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Special elections don't change power balance

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Senators work on the floor Monday Feb. 27, 2017 in St. Paul.
Two special elections Monday resulted in Democrats holding on to a Senate seat and Republicans keeping control of a House seat. Pictured are senators work on the floor Feb. 27, 2017, in St. Paul.
Glen Stubbe | Star Tribune via AP 2017

The balance of power will be the same in the Minnesota House and Senate when the Legislature reconvenes in St. Paul next week. 

Two special elections Monday — one in the southeast metro and one in southern Minnesota — were held to replace lawmakers who resigned amid sexual misconduct allegations. They resulted in Democrats holding on to a Senate seat and Republicans keeping control of a House seat. 

The special election in Senate District 54 was triggered by the resignation in December of DFLer Dan Schoen, a former state representative who spent only a year in the Senate.

Karla Bigham of Cottage Grove kept the seat in DFL hands with a win over Republican Denny McNamara of Hastings, 51 percent to 47 percent. 

The district includes parts of southern Washington County northern Dakota County.

Bigham, who is currently a Washington County commissioner, said she's excited about returning to the state Capitol. She said her priority issues include education, health care, transportation and water quality.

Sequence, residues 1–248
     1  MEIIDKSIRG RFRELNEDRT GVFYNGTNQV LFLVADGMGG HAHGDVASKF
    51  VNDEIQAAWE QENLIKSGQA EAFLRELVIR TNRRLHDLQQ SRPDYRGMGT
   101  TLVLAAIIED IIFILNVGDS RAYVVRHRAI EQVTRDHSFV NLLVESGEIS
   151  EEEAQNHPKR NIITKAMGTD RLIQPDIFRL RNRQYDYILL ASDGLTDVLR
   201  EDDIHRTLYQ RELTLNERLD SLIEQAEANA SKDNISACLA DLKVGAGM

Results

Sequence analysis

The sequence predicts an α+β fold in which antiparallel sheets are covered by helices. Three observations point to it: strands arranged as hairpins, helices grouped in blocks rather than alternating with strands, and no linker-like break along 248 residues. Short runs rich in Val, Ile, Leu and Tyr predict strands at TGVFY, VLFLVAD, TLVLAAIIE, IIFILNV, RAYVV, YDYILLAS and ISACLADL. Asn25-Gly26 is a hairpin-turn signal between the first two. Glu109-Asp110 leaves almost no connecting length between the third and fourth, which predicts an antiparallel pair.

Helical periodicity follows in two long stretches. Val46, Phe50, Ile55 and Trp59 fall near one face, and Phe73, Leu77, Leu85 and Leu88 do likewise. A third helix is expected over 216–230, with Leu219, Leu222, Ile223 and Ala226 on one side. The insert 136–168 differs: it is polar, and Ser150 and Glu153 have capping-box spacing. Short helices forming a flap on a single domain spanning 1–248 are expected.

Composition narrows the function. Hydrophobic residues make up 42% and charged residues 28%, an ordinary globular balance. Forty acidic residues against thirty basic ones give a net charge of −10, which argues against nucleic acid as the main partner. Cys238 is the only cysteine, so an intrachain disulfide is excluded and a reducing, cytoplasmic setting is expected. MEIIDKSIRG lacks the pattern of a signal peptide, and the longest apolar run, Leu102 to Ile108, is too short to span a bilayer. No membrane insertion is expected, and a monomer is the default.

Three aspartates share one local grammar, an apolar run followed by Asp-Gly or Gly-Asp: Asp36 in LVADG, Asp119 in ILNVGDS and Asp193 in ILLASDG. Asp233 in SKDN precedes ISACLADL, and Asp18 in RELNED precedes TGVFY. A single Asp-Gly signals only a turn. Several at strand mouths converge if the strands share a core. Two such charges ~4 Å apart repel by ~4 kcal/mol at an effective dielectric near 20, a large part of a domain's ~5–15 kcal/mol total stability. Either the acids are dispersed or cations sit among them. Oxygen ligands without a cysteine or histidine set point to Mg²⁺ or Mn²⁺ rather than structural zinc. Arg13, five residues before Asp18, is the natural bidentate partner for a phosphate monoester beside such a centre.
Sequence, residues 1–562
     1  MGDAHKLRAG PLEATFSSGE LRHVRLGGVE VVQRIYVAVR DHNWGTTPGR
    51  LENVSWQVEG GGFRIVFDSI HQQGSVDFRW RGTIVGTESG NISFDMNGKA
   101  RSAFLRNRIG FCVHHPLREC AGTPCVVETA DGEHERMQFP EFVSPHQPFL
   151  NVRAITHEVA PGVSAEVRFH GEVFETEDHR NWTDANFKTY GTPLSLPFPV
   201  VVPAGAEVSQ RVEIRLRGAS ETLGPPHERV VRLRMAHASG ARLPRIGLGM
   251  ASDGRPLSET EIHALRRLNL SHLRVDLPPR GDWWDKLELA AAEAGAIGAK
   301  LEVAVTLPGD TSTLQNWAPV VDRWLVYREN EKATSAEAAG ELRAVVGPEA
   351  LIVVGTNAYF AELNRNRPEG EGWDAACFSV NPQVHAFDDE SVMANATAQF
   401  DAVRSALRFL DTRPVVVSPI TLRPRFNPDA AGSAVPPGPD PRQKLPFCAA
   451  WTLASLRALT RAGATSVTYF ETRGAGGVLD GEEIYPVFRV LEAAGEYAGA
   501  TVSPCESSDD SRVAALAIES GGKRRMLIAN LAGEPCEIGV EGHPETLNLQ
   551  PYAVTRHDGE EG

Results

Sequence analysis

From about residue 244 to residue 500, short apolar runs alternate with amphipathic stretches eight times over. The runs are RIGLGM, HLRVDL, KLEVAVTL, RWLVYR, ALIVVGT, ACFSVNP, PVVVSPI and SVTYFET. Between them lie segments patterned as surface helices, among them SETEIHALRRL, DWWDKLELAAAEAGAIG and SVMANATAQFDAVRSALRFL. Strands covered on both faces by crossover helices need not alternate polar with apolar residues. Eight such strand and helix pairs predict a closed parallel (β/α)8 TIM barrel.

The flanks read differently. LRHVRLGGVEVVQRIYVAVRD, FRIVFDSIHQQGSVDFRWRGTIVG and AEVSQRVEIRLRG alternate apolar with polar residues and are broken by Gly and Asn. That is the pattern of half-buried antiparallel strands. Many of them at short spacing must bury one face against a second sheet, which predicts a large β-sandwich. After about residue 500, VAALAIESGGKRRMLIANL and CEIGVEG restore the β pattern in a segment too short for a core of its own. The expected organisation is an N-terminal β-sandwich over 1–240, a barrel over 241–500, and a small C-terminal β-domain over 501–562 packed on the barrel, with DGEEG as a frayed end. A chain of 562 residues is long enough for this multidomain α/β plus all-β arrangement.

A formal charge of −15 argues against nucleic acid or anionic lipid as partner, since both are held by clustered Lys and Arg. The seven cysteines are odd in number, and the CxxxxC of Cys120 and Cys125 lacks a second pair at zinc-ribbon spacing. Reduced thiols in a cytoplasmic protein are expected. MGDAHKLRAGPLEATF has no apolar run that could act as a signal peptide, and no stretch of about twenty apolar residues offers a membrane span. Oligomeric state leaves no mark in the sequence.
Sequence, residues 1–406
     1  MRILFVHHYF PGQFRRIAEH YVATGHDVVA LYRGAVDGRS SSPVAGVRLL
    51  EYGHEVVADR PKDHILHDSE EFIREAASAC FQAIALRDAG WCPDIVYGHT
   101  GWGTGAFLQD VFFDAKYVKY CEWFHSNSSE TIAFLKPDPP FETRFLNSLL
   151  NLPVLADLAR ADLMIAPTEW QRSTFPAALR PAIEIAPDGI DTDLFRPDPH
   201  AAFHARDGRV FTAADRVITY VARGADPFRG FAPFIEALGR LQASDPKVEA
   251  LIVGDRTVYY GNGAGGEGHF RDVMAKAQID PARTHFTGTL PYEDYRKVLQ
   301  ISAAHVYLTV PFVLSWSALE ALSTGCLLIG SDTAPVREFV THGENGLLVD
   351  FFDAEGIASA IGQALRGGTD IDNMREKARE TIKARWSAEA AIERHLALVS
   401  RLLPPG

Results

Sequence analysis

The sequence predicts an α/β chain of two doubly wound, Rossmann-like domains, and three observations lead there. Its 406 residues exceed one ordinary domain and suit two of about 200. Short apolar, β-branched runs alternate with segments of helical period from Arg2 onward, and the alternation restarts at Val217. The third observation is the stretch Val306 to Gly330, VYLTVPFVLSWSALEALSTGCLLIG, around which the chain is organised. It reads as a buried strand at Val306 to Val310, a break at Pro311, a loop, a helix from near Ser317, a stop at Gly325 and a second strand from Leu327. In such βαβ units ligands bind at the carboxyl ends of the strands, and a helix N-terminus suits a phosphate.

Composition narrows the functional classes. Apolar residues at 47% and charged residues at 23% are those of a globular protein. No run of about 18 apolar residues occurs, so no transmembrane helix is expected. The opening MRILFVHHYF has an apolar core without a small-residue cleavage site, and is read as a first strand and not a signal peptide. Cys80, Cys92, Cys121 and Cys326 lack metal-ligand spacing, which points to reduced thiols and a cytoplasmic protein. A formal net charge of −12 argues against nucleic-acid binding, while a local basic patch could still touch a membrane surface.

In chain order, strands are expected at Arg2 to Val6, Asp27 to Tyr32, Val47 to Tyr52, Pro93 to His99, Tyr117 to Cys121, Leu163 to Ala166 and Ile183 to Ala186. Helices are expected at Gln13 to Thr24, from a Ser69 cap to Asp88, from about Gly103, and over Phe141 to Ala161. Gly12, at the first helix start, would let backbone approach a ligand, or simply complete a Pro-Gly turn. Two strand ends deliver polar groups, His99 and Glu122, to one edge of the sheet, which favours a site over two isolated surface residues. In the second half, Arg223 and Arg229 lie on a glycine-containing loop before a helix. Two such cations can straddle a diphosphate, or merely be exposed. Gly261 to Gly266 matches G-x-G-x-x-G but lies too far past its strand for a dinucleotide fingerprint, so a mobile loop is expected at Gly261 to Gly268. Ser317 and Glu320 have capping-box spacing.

Bigham is the latest in a long line of DFL senators elected in the district. But voters there favored Donald Trump in 2016 and elected two Republican state representatives.

Bigham says her own track record with voters made a difference.

"I have local experience working on bipartisan and nonpartisan issues with results. I think that that really made a difference for folks too."

Democrats saw a Bigham win as the first step in a two-step process to win back control of the Senate, where Republicans hold a 34-33 advantage. 

But the second part of that strategy suffered a setback Monday when a Ramsey County judge dismissed a lawsuit aimed at stopping Republican Michelle Fischbach from serving simultaneously as lieutenant governor and state senator. 

In the other special election, Republican Jeremy Munson of Lake Crystal won the House District 23B seat over DFLer Melissa Wagner of Lake Crystal, 59 percent to 40 percent.

Munson succeeds Republican Tony Cornish, who was first elected to the seat in 2002 and resigned at the end of November. The district includes parts of Blue Earth, LeSueur, Waseca and Watonwan counties.

"It was a very fast campaign, but we worked hard seven days a week for almost three months, getting out talking to voters and making sure that we were always talking about the most important issues for the district," Munson said, adding that taxes and health care are at the top of the list. 

Munson's convincing win came just two weeks after he held off a Republican primary challenger, who had the backing of Cornish. Munson was the endorsed GOP candidate.

"People that are conservative are going to vote for the conservative on the ballot. I think the party came together rather quickly," he said.